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One woman is a presence, three is a voice …

Gotta confess … I don’t get it. At one of the most crucial times in our country to advance women into leadership roles, to shift the balance of power in both our government and corporate sectors, our social media feeds are jammed up with pretty little black and white selfies and hashtags suggesting we have accepted some type of challenge, supporting other women (#Challenge Accepted; #WomenSupportingWomen). Yet, few of these pictures reflect any such activity, only lip service.

There’s no obvious social bent to get women into board seats or political roles or, advance the financial circumstances of single mothers, teachers or those that are unemployed. For the life of me, I can’t figure out what challenge has been accepted. I ask - is simply showing our physical beauty the primary asset we want others to see? Yet again?

Come on gals, there’s a lot at stake here. For the first time in decades, thanks to upheaval, global news and protests everywhere, we are being offered opportunities, the likes of which we have never seen before. Let’s keep our eye on the ball and move it forward, not backwards.

I know many qualified women who should be sitting on the boards of public companies at this very moment. And, there are many open seats. Is this on your radar? It is certainly on mine because I’m clear that this is a way that we can support diversity and truly be women supporting women.

In September 2018, California became the first state to legally compel corporate board diversity with a law mandating that every public company in the state have at least one female director by the end of 2019. The legislation was introduced shortly after the new year, just months after the #MeToo movement sparked a national debate on the lack of equality, protections and representation for women in the workplace.

If companies fail to comply with this mandate, they face a one-time fine of $100,000. By the end of 2021, the law’s requirements ramp up, compelling companies with five board members to have at least two female directors and at least three on six-person boards. If they continue to break the law, they face a steeper penalty of $300,000 for every seat that should be filled by a woman.

Washington state legislation requiring public companies to have a gender diverse board became effective June 11, 2020 with enaction by January 1, 2022. Hawaii is expecting public companies that do business in their state to comply by December 30, 2020. Michigan’s legislation goes into effect January 1, 2021. Some states require seats to be filled, others only require board diversity reporting requirements. New York is “studying” the number of women on boards in its state.

Companies across the country, spurred on by activist investors, such as BlackRock and Goldman Sachs have been actively diversifying boards in their portfolios. As added incentive, the CEO of Goldman Sachs has announced that his bank will stop taking companies public in the U.S. and Europe unless they have at least one diverse board member.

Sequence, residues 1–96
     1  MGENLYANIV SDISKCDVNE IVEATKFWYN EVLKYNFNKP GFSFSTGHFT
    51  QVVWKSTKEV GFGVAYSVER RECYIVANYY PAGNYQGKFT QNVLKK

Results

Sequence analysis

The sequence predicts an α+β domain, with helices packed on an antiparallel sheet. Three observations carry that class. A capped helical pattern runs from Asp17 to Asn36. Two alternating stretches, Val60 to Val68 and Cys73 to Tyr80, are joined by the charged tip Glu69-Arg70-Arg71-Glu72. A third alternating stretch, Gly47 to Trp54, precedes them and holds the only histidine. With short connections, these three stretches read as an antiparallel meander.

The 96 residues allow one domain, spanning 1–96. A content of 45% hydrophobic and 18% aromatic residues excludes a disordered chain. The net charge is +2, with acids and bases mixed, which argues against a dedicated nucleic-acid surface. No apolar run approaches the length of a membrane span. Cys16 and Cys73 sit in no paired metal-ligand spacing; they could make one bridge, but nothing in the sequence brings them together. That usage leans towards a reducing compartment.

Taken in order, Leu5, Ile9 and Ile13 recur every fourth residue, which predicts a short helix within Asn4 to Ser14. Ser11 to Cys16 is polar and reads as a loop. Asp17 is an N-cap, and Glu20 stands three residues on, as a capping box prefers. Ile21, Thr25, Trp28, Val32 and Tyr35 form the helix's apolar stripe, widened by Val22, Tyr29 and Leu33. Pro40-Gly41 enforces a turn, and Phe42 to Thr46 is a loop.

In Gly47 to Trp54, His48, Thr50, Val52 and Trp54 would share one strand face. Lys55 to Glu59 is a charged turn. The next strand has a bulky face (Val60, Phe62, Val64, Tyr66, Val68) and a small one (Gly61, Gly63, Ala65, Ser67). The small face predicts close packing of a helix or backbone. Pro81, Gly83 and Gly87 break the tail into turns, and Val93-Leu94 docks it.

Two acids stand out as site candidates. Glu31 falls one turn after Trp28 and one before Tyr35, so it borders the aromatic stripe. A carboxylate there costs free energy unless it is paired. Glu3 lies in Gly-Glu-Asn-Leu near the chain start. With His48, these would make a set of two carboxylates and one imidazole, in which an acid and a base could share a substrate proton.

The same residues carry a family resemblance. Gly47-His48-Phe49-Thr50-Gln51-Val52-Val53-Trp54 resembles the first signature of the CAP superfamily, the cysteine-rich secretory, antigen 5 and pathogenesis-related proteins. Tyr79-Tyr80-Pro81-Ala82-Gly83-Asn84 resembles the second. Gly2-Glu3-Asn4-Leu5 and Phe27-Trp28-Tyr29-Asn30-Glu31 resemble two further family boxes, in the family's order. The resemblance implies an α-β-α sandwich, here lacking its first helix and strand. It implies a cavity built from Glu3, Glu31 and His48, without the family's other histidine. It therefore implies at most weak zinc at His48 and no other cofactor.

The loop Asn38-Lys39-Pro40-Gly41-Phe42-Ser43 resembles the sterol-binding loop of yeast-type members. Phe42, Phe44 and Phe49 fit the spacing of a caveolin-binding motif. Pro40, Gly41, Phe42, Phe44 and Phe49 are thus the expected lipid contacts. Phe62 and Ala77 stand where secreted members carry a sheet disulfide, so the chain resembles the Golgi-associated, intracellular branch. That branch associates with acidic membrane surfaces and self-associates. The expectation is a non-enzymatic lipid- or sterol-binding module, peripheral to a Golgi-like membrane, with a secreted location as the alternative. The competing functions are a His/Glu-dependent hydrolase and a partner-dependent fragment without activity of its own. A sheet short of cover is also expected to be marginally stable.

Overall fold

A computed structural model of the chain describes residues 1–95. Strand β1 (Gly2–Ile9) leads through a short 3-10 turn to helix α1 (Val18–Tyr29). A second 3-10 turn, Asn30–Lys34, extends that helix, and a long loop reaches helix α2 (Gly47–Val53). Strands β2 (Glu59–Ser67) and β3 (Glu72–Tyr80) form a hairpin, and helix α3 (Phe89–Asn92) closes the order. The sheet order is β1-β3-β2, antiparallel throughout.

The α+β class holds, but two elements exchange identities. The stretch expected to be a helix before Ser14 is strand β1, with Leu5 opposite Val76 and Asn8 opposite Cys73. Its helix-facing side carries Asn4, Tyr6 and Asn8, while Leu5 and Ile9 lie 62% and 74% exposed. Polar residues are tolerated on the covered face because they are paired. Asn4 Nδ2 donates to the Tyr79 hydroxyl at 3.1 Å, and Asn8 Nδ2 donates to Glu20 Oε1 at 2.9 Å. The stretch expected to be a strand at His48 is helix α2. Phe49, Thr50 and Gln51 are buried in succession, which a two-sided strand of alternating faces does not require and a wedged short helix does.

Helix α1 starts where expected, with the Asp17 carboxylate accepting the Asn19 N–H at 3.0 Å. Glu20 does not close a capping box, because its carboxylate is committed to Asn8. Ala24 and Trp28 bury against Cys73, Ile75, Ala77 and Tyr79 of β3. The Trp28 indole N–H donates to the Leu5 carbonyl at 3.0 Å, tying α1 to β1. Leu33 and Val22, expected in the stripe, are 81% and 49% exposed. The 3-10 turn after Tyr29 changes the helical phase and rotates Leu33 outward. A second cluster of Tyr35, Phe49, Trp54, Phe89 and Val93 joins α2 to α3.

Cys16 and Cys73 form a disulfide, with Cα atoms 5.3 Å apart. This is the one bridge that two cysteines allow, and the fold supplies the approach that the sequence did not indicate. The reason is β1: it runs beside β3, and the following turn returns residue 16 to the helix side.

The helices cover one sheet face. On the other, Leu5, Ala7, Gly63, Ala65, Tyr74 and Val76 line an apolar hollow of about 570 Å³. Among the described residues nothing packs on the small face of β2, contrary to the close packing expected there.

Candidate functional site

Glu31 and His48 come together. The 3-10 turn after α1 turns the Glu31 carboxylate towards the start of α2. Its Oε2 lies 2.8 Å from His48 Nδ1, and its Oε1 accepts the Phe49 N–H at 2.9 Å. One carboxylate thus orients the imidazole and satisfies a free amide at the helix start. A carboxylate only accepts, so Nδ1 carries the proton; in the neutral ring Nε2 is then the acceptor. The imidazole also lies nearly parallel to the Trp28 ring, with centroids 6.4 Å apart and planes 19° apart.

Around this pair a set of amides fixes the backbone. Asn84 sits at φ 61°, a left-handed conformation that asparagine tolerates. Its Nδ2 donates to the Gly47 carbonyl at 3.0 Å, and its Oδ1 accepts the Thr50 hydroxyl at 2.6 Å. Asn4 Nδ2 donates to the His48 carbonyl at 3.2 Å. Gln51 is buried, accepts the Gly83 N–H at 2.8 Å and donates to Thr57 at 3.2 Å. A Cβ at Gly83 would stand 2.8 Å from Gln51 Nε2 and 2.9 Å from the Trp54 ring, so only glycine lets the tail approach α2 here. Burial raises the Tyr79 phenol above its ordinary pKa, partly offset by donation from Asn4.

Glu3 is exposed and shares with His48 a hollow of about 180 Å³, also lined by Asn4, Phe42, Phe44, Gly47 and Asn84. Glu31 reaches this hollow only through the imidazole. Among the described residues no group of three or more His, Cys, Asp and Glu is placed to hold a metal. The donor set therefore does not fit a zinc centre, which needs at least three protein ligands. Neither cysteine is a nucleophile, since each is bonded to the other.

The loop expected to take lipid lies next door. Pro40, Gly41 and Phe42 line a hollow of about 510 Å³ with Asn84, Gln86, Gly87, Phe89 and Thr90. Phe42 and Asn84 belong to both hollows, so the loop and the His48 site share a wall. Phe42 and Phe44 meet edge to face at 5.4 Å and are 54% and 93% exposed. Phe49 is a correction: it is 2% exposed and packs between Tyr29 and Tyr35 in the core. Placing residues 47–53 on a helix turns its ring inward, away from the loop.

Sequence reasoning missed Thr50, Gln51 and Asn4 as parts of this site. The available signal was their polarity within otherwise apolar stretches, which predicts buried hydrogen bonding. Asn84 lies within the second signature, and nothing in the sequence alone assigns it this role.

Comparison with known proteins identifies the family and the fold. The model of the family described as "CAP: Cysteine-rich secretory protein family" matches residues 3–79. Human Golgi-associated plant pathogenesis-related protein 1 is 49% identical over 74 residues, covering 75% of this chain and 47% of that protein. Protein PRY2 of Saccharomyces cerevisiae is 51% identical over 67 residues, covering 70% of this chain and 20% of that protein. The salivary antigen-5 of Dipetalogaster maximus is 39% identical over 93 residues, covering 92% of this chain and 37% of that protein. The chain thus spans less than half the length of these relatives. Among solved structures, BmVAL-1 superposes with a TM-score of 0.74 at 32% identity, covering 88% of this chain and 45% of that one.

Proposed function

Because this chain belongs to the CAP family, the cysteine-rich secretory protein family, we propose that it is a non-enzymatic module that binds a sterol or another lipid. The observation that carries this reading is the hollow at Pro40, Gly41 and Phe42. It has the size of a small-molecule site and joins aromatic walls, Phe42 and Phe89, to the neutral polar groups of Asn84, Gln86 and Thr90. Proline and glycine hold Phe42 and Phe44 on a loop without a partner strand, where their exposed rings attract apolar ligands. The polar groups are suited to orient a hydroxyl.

Is their push back? Of course – isn’t there always when the dime turns? One shareholder lawsuit by a white retired Baker McKenzie male partner suggests that mandating gender diversity ultimately hurts women "by relegating them to quota hires and making them seem like space fillers." It goes on to say that “the law is not only deeply patronizing to women, it is also plainly unconstitutional and discriminatory." Sounds like man speak to me …

Personally, women are looking for a seat at the table, the world filler doesn’t trigger me. Call it whatever you want. As a law student, there were only six women in my class and, I was reminded daily that I was taking up one of the guy’s seats. I learned to tune out that nonsense and went on to a fulfilling and meaningful career as a practicing attorney.

Here’s the deal ladies, this is your chance to join the party if you stay focused. As board directors, you will have the opportunity to influence the choice of the executive management team and ensure that they are committed to diversity at every level, with metrics to report back to the board. Ultimately, it is the management of the companies that define the culture.

Unfortunately, although we are making progress adding women to boards, senior and mid-level leadership teams at most companies remain nearly as white and male-dominated as they’ve always been. We need your voice, your input and elbow grease! We need you to ask the tough questions and help find the solutions.

I don’t need to repeat statistics that show why companies with diverse boards are more successful. Collective wisdom and a broad array of talents and experiences offer a competitive edge that drops directly to the bottom line. But, what I may need to remind you is that you are qualified. You bring a set of skills and talents that no one else on the planet has, a unique point of view born from your personal life experience.

Historically, boards sought candidates who had served as public company Chief Executives. But, contrary to a perception that women lack experience, don’t forget that board experience may include non-profit boards, school boards or senior level roles that interact with boards frequently. And, board seats are being redefined as functional roles requiring particular expertise, rather than title. Finally, what you know, not who you know, reigns.

Legislation deadlines are creeping closer and there is a flurry of activity to add women to board positions. Public companies pay and pay well! They would rather pay you than pay a hefty fine. So, as Siri says “recalculate.” Let’s focus on supporting women by making sure that we have a voice and a seat at the table - one that will be available to your children and theirs.

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